First , great workplaces are characterized by inclusive environments in which all employees are invited to participate in the cultural life of the organization. Second , leaders at great workplaces are accessible, sharing information with employees and answering their questions. Third , leaders at great workplaces create an environment in which the fair distribution of rewards, recognition and opportunities is rigorously pursued. And all great workplaces are characterized by a sense of being on a journey. The bottom line is that there’s never an end to the process of becoming a great place to work – it’s something people work at every day.
Adapted from Motivation Strategies, Spring 2007
Perks of Being Over 40
We know all our readers aren’t over 40, but if you’re not,
you surely work with people
1.Kidnappers are not very interested in you.
2. In a hostage situation you are likely to be released first.
3. No one expects you to run — anywhere.
4. People call at 9 pm and ask, "Did I wake you????"
5. People no longer view you as a hypochondriac.
6. There is nothing left to learn the hard way.
7. Things you buy now won’t wear out.
8. You can eat supper at 4 pm.
9. You can live without sex but not your glasses.
10. You get into heated arguments about pension plans.
11. You no longer think of speed limits as a challenge.
12. You quit trying to hold your stomach in no matter who walks into the room.
13. You sing along with elevator music.
14. Your eyes won’t get much worse.
15. Your investment in health insurance is finally beginning to pay off.
16. Your joints are more accurate meteorologists than the National Weather Service.
17. Your secrets are safe with your friends because they can’t remember them either.
18. Your supply of brain cells is finally down to a manageable size.
19. You can’t remember where you saw this.
TRAINING SYSTEMS, INC. Associate Andy Kaufman is reading:
Disperses and Time Passes: The History of Heat
This is a very accessible book about thermodynamics. I’m thinking anyone that can make thermodynamics fun and interesting to a non-physicist is intriguing enough to buy his book! I’ve applied the concept of entropy to leadership development and project management for over a decade, but this book is giving an engaging education into the people and science behind it. The 2nd Law of Thermodynamics has interesting applications to more than we might realize, but you’ll have to read the book to appreciate it all!
The reason I took a night out of my life to read it is because so many people in classes and in friendly conversations brought it up after Oprah gave it the attention of two episodes. There are a few reasonably good ideas in it (e.g. How we think impacts our feelings. Sometimes change is made more effectively not by doing other things, but rather changing how we think about them. Choose gratefulness over resentment. You reap what you sow. Visualizing a future event can help one prepare for it.). However, even a passing extension of her Law of Attraction yields some downright hideous ramifications. The Secret’s philosophy says that bad things, even great evils, happened to people because they were somehow on the same frequency as the event. An abused person was somehow attracting that fate. Jews killed in Nazi death camps were somehow on a very unfortunate frequency. The 2 ½ year old child diagnosed with leukemia attracted the illness with their intentions? This single tenet of The Secret is outrageously repulsive, not somehow comforting or empowering. The “I am God” worldview, with Me as the center of the universe leads inevitably to narcissistic hedonism, not true lasting joy. Nothing personal Oprah but two thumbs down!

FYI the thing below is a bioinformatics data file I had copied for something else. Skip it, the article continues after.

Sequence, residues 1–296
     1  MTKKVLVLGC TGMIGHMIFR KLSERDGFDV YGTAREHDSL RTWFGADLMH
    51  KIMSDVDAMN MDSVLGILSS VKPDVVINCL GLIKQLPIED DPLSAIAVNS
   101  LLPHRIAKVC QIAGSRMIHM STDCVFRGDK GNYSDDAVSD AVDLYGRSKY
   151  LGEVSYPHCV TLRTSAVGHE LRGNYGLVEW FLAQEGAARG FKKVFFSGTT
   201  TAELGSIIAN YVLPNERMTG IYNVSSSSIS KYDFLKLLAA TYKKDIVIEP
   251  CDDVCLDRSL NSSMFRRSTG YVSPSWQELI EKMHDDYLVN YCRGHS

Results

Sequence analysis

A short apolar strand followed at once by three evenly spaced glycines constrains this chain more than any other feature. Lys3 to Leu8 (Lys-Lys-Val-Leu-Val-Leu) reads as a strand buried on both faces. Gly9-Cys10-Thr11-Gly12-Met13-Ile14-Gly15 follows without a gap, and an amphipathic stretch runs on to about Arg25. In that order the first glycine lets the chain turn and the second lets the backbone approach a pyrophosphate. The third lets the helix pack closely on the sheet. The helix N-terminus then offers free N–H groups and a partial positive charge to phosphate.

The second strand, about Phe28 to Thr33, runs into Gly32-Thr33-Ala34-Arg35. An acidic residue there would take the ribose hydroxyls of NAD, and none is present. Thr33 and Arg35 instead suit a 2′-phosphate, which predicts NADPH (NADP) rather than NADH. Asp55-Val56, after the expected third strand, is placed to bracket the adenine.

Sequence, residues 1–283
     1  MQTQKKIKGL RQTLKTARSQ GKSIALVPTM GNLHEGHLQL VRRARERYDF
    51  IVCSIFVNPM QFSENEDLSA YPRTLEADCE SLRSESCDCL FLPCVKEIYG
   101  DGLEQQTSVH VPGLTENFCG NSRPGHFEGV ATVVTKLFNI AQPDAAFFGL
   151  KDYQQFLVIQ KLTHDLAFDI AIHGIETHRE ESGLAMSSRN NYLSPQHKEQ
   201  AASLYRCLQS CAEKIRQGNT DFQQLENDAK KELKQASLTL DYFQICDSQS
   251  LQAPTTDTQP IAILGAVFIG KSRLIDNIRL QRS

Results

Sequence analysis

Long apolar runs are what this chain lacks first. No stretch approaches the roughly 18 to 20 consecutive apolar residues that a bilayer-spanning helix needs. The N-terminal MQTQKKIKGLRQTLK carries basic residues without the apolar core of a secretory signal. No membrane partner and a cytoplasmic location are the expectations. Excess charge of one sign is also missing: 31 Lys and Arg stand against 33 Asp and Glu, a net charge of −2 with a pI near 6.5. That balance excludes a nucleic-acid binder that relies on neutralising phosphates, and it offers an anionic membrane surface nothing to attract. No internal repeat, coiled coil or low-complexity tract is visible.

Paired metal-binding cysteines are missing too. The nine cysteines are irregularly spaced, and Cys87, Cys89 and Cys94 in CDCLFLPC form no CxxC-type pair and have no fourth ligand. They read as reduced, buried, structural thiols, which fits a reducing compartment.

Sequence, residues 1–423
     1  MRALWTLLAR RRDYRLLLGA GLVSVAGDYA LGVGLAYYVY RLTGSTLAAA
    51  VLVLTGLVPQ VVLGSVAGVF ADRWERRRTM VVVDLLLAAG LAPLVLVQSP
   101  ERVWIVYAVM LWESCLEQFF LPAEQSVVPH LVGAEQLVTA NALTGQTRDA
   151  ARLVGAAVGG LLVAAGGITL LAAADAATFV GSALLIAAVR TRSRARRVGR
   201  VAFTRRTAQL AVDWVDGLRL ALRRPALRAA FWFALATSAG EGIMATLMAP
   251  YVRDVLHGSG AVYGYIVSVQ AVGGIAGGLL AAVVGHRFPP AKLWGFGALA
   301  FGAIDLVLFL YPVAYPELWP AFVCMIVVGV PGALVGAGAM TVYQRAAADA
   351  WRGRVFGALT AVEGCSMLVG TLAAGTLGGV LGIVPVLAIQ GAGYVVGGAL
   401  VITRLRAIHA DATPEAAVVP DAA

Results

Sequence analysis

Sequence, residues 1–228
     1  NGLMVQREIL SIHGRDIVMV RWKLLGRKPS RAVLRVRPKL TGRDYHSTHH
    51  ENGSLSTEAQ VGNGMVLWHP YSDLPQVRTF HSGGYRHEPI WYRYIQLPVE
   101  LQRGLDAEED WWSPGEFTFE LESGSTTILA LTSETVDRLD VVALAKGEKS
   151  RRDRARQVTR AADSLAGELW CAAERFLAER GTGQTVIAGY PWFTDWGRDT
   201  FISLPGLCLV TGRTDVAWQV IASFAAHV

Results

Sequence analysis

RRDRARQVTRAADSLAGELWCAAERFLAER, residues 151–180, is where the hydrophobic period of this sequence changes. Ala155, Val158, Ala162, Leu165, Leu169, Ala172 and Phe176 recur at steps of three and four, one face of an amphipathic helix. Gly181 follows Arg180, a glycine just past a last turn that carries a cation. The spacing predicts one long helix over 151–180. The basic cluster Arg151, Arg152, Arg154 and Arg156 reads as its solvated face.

us with what you’re reading & a sentence or 2 about why you’re reading it
or what you learned from it (can be fiction or non-fiction).
Leave Your Job Behind When You're on Vacation
Facilitation Challenge – Facilitator is Stuck in Traffic!
If you’ve facilitated more than a few in-person group training sessions, you’ve had your cell phone ring, forgotten materials, discovered typos, or even been late because of traffic. Lynn Hauser, TRAINING SYSTEMS, INC. Associate, got stuck in traffic, handled it brilliantly, and was gracious enough to write up her experience so we all can benefit. Thanks and Bravo, Lynn!:
"I recently had a facilitation challenge that I thought you might be interested in hearing about. Last week I was facilitating a one-day workshop in downtown Chicago for a new client. Since I live in the southwest suburbs I got to sleep in my own bed the night before and drove into the city in the morning. Without another car on the road, it takes me about 45-50 minutes to get into the city. Since it was rush hour, I left 2½ hours before the 8:00am start time. Under normal rush hour circumstances, that would have been plenty of time. For reasons known only to the commuting gods, last Wednesday was anything but normal. Since the traffic reports put the freeway at a virtual standstill, I stayed on the surface streets for as long as possible.
It was apparent fairly quickly, though, that I was going to have trouble getting there on time. By 7:00am I had been on the road for 1½ hours and was still only about of the way there. I called the client to give him an update. Being a Chicago native, he was very understanding and said they'd just wait for me (like they had any choice but to wait).
At 7:45, I was certainly closer but still not moving very quickly. Anyone who knows me knows that I'm like a rabid dog about beginning and ending a group training session on time. So, I decided it was going to start at 8:00am even if I wasn't there . I called the client and asked him to set up a speakerphone in the training room. Since there was almost a full minute of dead silence, I'm fairly certain that he thought he'd hired a crazy person. But he hooked up the phone and called me back at the stroke of 8:00.